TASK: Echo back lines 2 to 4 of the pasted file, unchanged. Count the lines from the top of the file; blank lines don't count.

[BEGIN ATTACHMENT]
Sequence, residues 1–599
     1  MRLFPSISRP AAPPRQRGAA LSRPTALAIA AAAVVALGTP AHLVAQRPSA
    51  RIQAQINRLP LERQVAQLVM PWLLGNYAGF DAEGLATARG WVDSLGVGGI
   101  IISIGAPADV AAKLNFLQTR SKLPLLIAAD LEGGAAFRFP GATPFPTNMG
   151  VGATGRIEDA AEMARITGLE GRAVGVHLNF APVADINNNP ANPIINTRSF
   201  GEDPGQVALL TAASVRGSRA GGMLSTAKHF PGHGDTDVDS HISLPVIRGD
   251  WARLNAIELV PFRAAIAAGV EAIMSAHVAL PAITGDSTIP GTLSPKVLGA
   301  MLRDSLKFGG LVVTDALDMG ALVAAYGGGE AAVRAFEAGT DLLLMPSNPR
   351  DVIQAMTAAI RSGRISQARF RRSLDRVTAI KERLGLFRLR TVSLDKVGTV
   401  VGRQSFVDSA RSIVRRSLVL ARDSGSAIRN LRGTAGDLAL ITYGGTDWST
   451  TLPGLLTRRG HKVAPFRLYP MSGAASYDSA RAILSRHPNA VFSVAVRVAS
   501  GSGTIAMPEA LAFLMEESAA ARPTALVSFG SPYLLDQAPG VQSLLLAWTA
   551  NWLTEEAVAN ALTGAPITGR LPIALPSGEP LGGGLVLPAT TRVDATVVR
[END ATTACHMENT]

     1  MRLFPSISRP AAPPRQRGAA LSRPTALAIA AAAVVALGTP AHLVAQRPSA
    51  RIQAQINRLP LERQVAQLVM PWLLGNYAGF DAEGLATARG WVDSLGVGGI
   101  IISIGAPADV AAKLNFLQTR SKLPLLIAAD LEGGAAFRFP GATPFPTNMG